By Cynthia Arrieu-King
I was hanging with grandparents in a kindergarten
and the teacher drew an accordion wall across
to keep the children in antigravity class together
the grandparents separately graded balloon worksheets
sunlight floated in, the grandparents thoughtful about addition, mulling vacation
Come here I said to the little one too little to be in class, soft as peaches
I want to tell you something and you repeat it back to me next time
She toddled over, put her arms up to hug me, we hugged
She had stars inside her soul, was visibly celestial beneath her coat
More human than human, got it? I cuddled her
Okay, she said, I’m more human than a human
Source: Poetry (December 2017)
More Poems about Activities
I come home,
feet about to bleed
from angry stomping.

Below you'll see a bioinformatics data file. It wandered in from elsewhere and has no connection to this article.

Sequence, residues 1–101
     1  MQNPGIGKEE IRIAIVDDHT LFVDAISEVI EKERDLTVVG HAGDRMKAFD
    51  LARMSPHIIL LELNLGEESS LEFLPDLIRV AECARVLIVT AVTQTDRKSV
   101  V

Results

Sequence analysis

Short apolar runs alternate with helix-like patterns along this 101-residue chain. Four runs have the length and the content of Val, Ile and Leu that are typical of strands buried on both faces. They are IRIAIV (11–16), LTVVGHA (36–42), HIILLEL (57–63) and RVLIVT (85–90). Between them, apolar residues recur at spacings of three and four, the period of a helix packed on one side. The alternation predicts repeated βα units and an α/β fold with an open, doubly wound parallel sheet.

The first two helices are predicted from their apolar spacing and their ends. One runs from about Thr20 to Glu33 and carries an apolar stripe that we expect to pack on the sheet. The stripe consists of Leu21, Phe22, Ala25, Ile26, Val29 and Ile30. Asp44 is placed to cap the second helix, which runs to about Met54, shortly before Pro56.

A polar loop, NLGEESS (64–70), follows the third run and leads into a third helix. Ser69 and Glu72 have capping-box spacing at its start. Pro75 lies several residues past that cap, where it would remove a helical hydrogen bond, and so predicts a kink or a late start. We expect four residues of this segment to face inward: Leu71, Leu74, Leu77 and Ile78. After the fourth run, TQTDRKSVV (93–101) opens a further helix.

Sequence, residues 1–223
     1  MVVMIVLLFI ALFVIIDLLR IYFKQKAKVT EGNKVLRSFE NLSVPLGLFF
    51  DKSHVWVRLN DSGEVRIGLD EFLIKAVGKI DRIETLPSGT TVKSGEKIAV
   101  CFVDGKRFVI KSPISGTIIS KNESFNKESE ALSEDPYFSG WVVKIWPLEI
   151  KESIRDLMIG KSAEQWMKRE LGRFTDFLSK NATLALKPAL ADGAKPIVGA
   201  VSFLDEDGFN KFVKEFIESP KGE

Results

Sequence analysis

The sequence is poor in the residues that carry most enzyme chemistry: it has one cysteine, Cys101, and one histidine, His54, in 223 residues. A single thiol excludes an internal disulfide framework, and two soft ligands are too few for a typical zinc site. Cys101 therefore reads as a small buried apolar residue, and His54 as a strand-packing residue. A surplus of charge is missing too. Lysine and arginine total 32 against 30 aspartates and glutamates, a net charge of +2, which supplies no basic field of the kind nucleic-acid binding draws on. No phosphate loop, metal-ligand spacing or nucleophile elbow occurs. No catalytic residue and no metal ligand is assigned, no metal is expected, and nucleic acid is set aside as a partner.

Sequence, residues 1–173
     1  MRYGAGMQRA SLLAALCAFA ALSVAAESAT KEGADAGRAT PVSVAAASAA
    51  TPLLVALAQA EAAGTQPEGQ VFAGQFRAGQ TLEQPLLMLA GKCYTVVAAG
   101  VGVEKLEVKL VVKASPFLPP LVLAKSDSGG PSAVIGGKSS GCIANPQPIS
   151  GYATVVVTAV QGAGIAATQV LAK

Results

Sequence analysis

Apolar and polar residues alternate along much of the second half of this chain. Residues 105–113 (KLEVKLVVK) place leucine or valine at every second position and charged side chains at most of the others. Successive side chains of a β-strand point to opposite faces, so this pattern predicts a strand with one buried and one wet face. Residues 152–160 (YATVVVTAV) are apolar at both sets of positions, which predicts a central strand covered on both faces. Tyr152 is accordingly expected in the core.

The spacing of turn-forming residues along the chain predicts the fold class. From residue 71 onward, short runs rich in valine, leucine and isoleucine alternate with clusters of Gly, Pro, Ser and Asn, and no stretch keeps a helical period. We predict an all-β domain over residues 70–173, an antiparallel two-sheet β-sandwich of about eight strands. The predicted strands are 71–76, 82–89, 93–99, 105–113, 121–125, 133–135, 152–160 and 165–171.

“Boy!” says Mom.
“Quit making all that racket.”
But what does she expect
when, day after day,
haters sling words at me
like jagged stones
designed to split my skin?
I retreat to my room,
collapse on the bed,
count, “One. Two....
Nowhere Else to Go
Turn off the lights.
Wear another layer.
(Sounds like a dad.)
(Sounds like a mom.)
You say hand-me-down.
I say retro.
Walk some more.
(See what I did there,
Your name in Sharpie
on a good water bottle.
Backpack. New habits.
No thanks, don’t need a bag.
Tell ten friends
More Poems about Living
A wishbone branch falls
from my Grandma Thelma’s oak
What do you know about magic? e1 asks.
E bends e old body down, turns
the wishbone branch into
a cross, places it around my neck.
I am strapped at the Black River’s right shoulder,
I want to put down what the mountain has awakened.
My mouthful of grass.
My curious tale. I want to stand still but find myself moved patch by patch.
There's a bleat in my throat. Words fail me here. Can you understand? I...
More Poems about Religion
Wake up, greet the sun, and pray.
Burn cedar, sweet grass, sage—
sacred herbs to honor the lives we’ve been given,
for we have been gifted these ways since the beginning of time.
Remember, when you step into the arena of your life,
For the Feral Splendor That Remains
sometimes I strain